By Ellen Spitaleri
When Heidi Weiss decided to rebrand her business in 2021 and call it Lemon Tree Wellness, she took inspiration from a lemon tree she had been given.
“It was gifted to me by a childhood friend when she moved to New Zealand and it was failing,” she said. “I brought it home and placed it outside in a shady spot, tending to it daily. I saw its spotted, yellow leaves grow shiny and thick; it produced new foliage and soon began to flower prolifically. I was intoxicated by the shower of blossoms and amazed by the tree’s resilience.”
That plant became a metaphor for what Weiss wants to do: “helping people feel better by being in tune with earth and the environment, which includes their own bodies.”
She added, “That is why we focus on holistic care, which by definition encompasses the whole person – body, mind and spirit.”
The mission of Lemon Tree Wellness, located at 1235 SE Division St., is to provide holistic health services, including classes and one-on-one sessions, for people to heal, connect and be well.
In addition to Pilates, services offered include East Asian medicine and acupuncture, bodywork/massage, wellness coaching, wellness workshops and Reiki and sound healing.
Weiss founded Portland Pilates Collective + Wellness center in 2006 with the mission of making Pilates accessible and welcoming to a wider demographic; at the time she was located in the SE industrial area.
When that building was sold in 2016, she moved to the SE Division studio. She loves it because it is “more accessible and feels like a sanctuary.”
During the pandemic, she decided to rebrand her business to focus on whole-body wellness and the connection between nature and the healing arts.
She taught virtual classes during the lock-down period of the pandemic, but has brought back small classes in the studio and is planning to offer a full class schedule in January.
A grand opening party takes place Saturday, January 29, 2-5 pm. Advance registration, at lemontreewellness.janeapp.com/#/grand-opening-event, is required to control the number of people in the space.
Since rebranding, Lemon Tree offers monthly, affordable, weekend wellness workshops to show people that “creativity is essential to wellness” she said.
“Some people have no idea why creativity has anything to do with wellness. To me, creativity is the key to the spiritual aspect of health. When we create, we access a different part of our brains, and mindfulness is a precondition for creativity,” Weiss added.
“Being in nature automatically turns the creative switch on, because creation and renewal is constantly happening in nature; so they are all interconnected. What we do with our hands and our time is our spiritual work.”
These workshops combine three essential elements: nature, creativity and mindfulness.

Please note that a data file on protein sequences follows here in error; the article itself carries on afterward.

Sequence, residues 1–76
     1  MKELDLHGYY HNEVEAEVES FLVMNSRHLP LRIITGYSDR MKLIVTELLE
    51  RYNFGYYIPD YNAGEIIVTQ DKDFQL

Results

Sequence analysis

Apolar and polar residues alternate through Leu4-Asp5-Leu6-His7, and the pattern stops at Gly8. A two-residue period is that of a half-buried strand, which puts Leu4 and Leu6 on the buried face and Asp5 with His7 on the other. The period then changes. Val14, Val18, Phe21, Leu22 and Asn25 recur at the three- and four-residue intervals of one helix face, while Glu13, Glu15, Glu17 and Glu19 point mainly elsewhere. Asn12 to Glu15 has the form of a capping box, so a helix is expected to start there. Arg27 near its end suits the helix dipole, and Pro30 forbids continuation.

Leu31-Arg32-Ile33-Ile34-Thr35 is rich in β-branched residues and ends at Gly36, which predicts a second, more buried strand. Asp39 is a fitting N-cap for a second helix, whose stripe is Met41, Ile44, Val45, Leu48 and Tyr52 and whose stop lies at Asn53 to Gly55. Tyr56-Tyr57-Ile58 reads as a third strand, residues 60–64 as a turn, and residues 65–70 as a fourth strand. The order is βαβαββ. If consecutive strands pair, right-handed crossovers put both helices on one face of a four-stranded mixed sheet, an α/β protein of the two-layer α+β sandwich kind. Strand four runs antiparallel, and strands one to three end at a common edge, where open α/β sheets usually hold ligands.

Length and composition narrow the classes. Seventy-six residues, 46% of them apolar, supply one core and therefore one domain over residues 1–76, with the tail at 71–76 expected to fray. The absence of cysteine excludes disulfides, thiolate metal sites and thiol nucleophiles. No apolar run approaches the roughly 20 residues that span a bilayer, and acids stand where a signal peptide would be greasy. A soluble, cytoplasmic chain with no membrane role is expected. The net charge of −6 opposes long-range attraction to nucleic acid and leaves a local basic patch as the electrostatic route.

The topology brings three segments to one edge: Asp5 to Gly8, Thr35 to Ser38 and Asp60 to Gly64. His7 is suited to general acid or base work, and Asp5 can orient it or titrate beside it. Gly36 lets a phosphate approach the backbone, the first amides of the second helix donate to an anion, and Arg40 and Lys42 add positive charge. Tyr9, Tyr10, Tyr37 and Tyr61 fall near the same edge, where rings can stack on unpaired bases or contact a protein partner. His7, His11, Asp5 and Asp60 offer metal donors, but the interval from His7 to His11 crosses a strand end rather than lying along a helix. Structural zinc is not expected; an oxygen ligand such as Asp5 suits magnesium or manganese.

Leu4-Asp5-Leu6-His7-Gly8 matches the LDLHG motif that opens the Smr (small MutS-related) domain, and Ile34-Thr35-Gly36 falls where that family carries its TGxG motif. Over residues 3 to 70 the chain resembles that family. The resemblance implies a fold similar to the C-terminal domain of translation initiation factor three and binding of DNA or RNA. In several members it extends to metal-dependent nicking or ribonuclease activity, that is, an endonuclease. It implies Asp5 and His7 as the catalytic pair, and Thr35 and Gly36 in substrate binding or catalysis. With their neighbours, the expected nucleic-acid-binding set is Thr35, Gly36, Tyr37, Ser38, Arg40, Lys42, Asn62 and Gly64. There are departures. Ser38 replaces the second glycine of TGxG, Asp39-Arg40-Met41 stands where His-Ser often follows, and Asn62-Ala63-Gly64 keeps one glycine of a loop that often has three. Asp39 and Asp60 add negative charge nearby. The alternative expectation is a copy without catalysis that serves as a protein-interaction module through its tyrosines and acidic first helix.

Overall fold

Upcoming wellness workshops feature a Valentine-themed “yarn bombing” in February, making “mocktails” in March and Feng Sui for beginners in April.
Last year’s workshops included a spring and fall mushroom hunt, handmade facial care, houseplant therapy, watercolor meditation and natural plant dyeing.
For Weiss, the wellness workshops promote “the healthy effects of nature, creativity, mindfulness and community; a way to connect with the earth and self.”
She recommends people check her website for workshop updates.
The feedback Weiss has received from past workshop attendees is that everyone appreciates the community aspect, meeting people they might not meet any other way.
“They learned new skills, found the workshops deeply nourishing and experienced being in the moment,” she said.
Pilates has been a major factor in her life since she moved to the Portland area as a freshman at Reed College. “I found Pilates and realized I can be strong; it felt like coming home to myself.”
After graduating from Reed, she earned a master’s degree in public health and eventually founded her own business.
Weiss noted that she works with clients who have other medical practitioners, adding, “I do not replace their doctor; I am part of a team.”
Her clients might come to her with an injury or “they want to strengthen and maximize their performance or they realize their bodies are aging and they want to keep it strong.”
She added that she founded Lemon Tree to help “people get from where they are to where they want to be.”
Other practitioners at the business include Kathryn Armer, LAc, acupuncturist; Christy Burch, sound healer; Caitlin Couture, LMT, massage therapist and Reiki practitioner; and Iona Rainbow River, LMT, massage and craniosacral therapist.
Lemon Tree Wellness
1235 SE Division St., # 206
lemontreewellness.co (not .com)
Founder Heidi Weiss tends the lemon tree that lends its name to her business. Photo by Ellen Spitaleri.